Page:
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Tuesday, January 25, 2011

Ban Betta Vases

Betta (Siamese fighting fish), who are often sold as "decorations" or party favors, are becoming more and more popular. Pet shops, discount superstores, florists, and even online catalogs sell Siamese fighting fish (Betta splendens) in tiny cups or flower vases to consumers who are often uneducated about proper betta care.

Many people mistakenly believe that betta fish must be kept in "solitary confinement." Female bettas can live together, and while male bettas will fight with other male bettas, they can be placed singly in a "community" aquarium containing other species of fish.

Another common misconception about bettas is that they can survive without being fed in a so-called "complete ecosystem" that consists of nothing more than a vase and a plant. As a result, fish are being sentenced to dull, lonely lives and slow deaths by starvation. These tiny containers are not suitable for any fish.

Plant roots do not provide adequate food for betta fish. Bettas are carnivorous; in nature, they eat mostly insects and insect larvae. A diet consisting of plant roots may keep them alive for a while, but since it lacks the proper nutrients, the fish eventually become sick and die. A plant placed at the top of a vase may also restrict access that the fish needs to obtain oxygen, since betta (known as "labyrinth fishes") take their oxygen from the surface of the water.

Betta fish are native to Asia, where they live in the shallow water of rice paddies, ponds, or slow-moving streams. Since the water is shallow, it is also warm, which is why betta fish in captivity require a sizable amount of water in an aquarium that can be kept heated to at least 75 degrees.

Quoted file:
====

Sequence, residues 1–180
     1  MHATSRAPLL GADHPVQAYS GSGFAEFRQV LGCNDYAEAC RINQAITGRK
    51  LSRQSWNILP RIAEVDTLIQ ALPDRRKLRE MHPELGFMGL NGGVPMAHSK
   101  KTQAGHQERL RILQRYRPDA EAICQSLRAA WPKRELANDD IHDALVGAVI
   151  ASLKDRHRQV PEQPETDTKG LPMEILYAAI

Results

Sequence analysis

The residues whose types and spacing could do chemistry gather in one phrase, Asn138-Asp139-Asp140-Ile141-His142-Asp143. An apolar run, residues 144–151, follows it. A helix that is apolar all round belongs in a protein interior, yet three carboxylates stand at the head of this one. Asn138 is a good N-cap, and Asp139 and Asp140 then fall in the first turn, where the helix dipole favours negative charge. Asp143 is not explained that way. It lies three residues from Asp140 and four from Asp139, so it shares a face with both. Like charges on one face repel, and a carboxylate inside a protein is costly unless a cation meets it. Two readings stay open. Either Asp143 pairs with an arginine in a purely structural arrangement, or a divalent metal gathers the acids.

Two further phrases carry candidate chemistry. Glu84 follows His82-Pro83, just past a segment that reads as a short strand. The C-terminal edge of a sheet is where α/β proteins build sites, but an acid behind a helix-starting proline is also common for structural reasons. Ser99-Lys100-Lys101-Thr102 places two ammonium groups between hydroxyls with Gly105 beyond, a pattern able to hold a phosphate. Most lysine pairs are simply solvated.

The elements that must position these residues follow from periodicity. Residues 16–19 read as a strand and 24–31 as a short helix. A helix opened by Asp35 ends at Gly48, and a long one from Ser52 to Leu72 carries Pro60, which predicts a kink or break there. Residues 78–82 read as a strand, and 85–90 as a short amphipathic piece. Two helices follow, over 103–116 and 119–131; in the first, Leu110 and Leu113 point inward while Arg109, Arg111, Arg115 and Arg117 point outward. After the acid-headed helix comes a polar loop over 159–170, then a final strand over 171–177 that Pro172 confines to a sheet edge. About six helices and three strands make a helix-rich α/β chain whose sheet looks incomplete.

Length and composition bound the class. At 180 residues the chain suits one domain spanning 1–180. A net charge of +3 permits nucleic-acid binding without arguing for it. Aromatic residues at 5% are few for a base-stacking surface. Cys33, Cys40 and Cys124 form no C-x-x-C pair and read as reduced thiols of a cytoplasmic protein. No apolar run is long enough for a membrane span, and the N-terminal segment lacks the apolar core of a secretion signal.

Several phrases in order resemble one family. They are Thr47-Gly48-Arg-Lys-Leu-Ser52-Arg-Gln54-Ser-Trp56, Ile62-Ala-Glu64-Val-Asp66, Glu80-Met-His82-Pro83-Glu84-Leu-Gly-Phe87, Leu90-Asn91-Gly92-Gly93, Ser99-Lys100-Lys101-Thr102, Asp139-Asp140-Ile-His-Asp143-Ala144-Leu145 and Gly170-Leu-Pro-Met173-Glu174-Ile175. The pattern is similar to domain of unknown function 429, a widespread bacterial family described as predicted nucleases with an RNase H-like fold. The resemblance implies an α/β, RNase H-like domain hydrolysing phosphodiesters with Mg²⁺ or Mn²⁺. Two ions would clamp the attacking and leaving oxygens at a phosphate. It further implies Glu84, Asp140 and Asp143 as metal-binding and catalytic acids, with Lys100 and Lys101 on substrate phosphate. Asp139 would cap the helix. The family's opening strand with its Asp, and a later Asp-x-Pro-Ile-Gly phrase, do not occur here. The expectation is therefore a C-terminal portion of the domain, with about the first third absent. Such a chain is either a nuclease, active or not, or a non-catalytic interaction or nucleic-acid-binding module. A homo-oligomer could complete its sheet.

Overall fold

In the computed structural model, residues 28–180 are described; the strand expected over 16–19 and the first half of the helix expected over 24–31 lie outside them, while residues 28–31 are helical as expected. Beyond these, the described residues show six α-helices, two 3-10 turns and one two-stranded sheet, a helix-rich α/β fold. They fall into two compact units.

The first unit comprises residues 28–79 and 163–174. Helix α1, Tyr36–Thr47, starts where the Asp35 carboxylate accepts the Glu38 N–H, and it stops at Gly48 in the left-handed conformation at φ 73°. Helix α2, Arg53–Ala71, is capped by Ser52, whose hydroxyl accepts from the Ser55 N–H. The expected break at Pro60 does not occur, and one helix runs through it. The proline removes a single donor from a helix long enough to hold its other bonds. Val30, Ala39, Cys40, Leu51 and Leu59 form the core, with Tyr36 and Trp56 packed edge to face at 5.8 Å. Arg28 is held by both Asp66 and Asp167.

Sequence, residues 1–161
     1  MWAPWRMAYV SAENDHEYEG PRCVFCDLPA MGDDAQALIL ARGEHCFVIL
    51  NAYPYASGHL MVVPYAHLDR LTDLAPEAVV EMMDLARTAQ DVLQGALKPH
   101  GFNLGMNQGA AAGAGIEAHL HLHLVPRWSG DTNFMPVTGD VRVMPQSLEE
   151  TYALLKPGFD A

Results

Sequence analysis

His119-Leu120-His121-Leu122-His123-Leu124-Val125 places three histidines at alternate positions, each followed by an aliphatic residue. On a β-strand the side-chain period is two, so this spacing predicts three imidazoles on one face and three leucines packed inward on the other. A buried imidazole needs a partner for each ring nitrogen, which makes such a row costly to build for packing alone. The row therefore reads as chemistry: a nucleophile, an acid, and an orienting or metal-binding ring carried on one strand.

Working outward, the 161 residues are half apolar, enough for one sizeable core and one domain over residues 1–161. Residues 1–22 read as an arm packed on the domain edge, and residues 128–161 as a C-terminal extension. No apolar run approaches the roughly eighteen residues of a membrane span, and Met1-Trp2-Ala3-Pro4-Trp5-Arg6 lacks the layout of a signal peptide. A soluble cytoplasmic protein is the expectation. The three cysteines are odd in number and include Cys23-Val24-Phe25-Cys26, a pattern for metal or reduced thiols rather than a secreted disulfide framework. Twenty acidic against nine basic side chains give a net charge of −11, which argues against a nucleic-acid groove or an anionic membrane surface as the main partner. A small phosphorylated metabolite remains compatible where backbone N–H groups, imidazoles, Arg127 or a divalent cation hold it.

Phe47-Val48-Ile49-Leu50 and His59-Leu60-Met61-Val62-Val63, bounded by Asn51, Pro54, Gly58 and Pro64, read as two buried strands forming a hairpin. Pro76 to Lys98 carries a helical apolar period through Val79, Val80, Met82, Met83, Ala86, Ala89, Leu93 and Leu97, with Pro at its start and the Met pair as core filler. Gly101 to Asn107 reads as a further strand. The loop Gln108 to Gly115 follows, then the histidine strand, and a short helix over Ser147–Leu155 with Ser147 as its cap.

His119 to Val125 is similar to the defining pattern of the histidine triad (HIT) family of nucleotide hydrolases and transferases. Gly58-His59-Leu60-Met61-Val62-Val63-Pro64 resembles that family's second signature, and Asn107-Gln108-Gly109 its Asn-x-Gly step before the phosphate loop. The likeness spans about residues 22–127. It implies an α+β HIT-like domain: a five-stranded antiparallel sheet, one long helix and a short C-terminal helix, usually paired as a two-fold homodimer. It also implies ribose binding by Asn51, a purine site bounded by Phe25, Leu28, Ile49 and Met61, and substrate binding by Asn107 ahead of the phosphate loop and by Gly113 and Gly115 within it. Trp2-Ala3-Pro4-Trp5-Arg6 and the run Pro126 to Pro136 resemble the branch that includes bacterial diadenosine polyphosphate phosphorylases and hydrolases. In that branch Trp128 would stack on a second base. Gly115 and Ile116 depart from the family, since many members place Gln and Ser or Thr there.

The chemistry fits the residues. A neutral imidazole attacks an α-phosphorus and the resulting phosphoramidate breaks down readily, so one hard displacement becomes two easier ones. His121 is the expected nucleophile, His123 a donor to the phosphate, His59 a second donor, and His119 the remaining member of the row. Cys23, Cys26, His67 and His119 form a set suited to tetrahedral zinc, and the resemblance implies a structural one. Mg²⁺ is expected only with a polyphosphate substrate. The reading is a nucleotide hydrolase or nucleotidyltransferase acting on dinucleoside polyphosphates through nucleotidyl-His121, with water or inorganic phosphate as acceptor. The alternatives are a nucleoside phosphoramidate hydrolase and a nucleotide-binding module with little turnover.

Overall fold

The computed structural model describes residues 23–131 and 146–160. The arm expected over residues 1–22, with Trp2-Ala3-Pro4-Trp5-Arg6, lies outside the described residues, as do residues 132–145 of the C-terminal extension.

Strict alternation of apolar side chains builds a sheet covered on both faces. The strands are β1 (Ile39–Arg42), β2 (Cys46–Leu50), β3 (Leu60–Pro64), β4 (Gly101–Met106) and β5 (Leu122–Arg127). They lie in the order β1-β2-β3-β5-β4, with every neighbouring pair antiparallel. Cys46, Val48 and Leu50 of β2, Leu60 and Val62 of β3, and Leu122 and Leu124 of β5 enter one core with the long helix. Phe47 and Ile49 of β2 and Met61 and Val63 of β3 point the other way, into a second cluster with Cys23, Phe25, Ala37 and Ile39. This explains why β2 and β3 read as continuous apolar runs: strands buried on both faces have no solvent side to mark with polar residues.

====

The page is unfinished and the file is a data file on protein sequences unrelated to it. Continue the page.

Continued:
Bettas require a minimum of 10 gallons of water, according to Gaddy Bergmann, formerly of the University of South Florida department of biology. Harro Hieronimus, former chair of the German Livebearer Society and the International Rainbowfish Association , believes that fish must have a minimum of 13 gallons of water in an aquarium approximately 24 inches by 12 inches by 12 inches in size. His expert opinion was made the basis for law in Germany.

Betta are our friends, not prisoners for human amusement. The germans know what's up! :) Tell that to the Betta Vase Lady!

Does this look like a happy Betta to you?
Barely any room to get air
and forget about blowing a bubble nest :(

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3 comments:

  1. Yes that's true, i am a fish enthusiast, i read a lot about Betta, and the shopkeeper kept it in a small cup!!!,
    I bought it and kept it in my 8 gallon planted aquarium, i feed him live morquitoes, larvae and blood worms(frozen), and now i am researching to get good tank mates. I personally believe, IF YOU CANT TAKE CARE AND GIVE NATURAL ENVIRONMENT, DO NOT ADOPT!!!!

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  2. So glad to hear this espoused from another fishkeeping enthusiast. I've been keeping fish since 2007 and bettas since 2008. I got into them when I wanted a small fish tank for my college dorm. I'm proud to say my vieltail male was with me all through college in his heated and cycled tank. I still keep them and have two tanks totally devoted to them. They are a beautiful and entertaining fish if kept properly. I'd like to see the US follow Germany in this regard!!!

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  3. I had a betta for 5 years. We got him in a betta plant vase as a gift. I moved him to a larger vase. We had the plant on top but just for decoration. There was a lot of space for air, but I kept the plant as I was afraid the fish would jump out. I feed the fish betta food. I live in CA and never had a cycle tank or heater. I changed out about 3/4 of the water weekly with chlorinated water. Do you really think that was cruel? It seems to me that he lived a fairly long time for a fish.

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